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Israelis, Egyptians in Fierce Exchange at Canal; Action Seen As Nasser Pressure Tactic

Israeli and Egyptian heavy artillery dueled across the Suez Canal for the second consecutive day in what was described as the worst flare-up along the 70-mile waterway since Oct. 27. One Israeli soldier died of wounds, two were injured and seven slightly injured in yesterday’s shelling. Today’s Israeli casualties were 14 soldiers wounded, two seriously.

Heavy smoke and flames were seen rising from the Egyptian oil refineries near Suez at the southern end of the canal yesterday although an Israeli spokesman said the oil tanks were not a target but were apparently hit by chance. Three more oil tanks were set ablaze in today’s artillery barrage. Yesterday and today, according to an Israeli spokesman, Israeli forces attempted to observe cease-fire calls by United Nations observers but were forced to resume shooting when the Egyptian forces failed to respond.

(In Washington, a State Department spokesman said today that the United States had no special response to the latest artillery exchanges across the Suez. But he said that as in past exchanges, the U.S. was concerned about any breach of the UN cease-fire agreement. The spokesman said the fighting made the achievement of peace more difficult, but he noted that the U.S. Government saw the latest development as just another breach of the cease-fire.)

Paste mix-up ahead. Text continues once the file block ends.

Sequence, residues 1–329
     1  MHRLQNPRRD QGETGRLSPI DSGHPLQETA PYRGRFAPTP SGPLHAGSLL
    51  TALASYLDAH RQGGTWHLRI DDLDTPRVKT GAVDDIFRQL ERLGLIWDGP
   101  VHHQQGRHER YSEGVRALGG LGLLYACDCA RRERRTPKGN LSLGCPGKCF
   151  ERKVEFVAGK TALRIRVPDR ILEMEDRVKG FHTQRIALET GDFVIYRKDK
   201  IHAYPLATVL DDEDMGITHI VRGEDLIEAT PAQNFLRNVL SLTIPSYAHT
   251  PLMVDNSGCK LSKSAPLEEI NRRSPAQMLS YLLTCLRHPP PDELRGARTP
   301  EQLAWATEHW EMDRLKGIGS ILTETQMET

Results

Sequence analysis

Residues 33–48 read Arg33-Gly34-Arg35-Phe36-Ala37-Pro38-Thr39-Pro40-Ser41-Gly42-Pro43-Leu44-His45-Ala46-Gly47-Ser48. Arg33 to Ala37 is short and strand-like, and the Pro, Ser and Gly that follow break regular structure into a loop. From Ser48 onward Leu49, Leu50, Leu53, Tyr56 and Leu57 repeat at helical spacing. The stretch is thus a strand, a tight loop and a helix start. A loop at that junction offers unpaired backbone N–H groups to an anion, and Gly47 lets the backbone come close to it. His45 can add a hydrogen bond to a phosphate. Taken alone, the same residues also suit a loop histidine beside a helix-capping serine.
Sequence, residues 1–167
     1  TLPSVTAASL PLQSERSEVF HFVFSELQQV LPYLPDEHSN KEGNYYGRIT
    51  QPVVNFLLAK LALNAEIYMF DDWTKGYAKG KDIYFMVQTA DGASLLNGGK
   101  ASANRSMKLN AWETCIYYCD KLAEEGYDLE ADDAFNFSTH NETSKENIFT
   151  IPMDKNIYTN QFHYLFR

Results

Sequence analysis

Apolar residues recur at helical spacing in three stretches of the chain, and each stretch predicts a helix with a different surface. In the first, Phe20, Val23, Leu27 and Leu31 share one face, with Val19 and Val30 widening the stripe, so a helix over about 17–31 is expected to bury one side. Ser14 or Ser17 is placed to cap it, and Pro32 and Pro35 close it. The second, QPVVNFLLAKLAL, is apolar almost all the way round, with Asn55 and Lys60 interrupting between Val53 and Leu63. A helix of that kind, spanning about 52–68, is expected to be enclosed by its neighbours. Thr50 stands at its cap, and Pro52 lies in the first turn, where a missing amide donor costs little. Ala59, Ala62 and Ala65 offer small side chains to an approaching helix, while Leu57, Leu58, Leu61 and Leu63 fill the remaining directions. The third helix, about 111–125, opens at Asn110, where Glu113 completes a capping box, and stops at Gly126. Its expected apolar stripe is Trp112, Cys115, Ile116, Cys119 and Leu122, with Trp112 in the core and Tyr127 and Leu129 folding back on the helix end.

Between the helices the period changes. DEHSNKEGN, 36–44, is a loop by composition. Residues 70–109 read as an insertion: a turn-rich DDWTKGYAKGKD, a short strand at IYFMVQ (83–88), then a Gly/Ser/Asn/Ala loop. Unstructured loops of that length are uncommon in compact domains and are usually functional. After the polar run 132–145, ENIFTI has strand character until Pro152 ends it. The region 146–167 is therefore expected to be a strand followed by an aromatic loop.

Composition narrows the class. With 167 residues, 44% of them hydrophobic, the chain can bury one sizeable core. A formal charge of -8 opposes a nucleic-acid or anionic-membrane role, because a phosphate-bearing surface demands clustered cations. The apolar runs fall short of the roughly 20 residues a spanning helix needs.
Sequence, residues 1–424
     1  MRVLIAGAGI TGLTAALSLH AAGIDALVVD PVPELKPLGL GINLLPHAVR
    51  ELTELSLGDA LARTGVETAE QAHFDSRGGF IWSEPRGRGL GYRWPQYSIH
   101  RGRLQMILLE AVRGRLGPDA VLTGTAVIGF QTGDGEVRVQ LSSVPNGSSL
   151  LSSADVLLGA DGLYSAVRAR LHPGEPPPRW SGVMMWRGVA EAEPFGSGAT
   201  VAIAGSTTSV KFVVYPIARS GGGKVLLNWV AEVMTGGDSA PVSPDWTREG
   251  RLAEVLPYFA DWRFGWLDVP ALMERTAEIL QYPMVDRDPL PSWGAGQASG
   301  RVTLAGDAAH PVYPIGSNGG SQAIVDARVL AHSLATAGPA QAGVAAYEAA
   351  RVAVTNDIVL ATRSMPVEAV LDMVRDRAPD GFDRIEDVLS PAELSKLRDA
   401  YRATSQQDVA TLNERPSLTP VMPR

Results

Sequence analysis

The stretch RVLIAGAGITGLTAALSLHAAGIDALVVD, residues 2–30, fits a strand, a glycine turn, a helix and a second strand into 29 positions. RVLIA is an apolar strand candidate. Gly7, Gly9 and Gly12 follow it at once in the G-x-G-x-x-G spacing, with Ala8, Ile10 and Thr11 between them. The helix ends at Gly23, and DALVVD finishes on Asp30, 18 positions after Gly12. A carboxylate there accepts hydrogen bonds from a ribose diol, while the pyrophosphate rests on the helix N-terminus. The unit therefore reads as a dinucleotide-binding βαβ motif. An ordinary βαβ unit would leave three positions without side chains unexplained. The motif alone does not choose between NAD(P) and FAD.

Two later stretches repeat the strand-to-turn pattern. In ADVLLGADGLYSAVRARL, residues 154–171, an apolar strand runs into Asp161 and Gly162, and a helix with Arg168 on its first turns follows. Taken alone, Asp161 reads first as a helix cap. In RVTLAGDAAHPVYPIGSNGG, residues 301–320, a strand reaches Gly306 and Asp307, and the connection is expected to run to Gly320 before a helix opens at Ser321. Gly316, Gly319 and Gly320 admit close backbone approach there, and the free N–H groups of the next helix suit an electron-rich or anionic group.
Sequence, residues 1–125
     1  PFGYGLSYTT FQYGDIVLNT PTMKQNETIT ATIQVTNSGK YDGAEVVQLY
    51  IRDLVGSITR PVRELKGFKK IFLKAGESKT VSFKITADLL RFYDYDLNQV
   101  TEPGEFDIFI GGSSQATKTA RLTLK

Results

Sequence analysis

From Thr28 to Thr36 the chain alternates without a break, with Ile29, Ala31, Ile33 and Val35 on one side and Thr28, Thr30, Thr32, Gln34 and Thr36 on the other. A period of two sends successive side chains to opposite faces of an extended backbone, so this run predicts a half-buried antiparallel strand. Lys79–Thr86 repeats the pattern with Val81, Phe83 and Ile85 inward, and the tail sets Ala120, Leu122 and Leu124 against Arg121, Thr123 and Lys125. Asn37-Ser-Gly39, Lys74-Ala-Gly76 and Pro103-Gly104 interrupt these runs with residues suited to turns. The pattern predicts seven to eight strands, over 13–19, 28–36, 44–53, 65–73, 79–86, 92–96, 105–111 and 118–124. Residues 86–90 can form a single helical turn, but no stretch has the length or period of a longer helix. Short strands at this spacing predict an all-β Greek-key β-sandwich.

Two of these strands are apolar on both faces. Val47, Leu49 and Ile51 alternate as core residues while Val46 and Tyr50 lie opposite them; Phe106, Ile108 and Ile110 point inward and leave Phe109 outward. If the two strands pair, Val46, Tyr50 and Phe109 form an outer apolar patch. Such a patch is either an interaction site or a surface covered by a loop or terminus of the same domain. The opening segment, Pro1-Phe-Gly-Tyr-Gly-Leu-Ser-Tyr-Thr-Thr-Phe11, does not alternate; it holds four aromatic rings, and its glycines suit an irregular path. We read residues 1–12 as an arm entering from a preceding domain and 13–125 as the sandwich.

The situation was discussed at today’s Cabinet meeting. A Foreign Ministry spokesman said earlier that the artillery duel was premeditated and initiated by the Egyptian high command to attempt to create the impression that the entire region was on the verge of a new outbreak of war. It was timed, he said, to coincide with Foreign Minister Abba Eban’s departure for Washington to confer with President Richard M. Nixon and was apparently Cairo’s intention to prompt President Nixon to take action to force an Israeli withdrawal from the Canal as a means of averting a new all-out war. Israelis also believed the Egyptians were addressing themselves to the Big Four who were conferring at the UN on a Mideast settlement.

Today’s three hour and 25 minute clash began with Egyptian machinegun fire aimed at Israeli positions near the southern end of the canal, a military spokesman said. When Israeli units returned the fire in Kind, the Egyptians opened up with artillery along the canal’s entire length. Israeli artillery returned the fire. Israeli spokesmen said the UN observers called for a cease-fire at 4:45 p.m. local time and again at 6 p.m. Israeli gunners complied in both instances but resumed firing when the Egyptians ignored the order. The shelling reportedly ended at 7 p.m. local time.

FIRING BEGAN SATURDAY; ISRAEL DOWNED EGYPTIAN MIG-21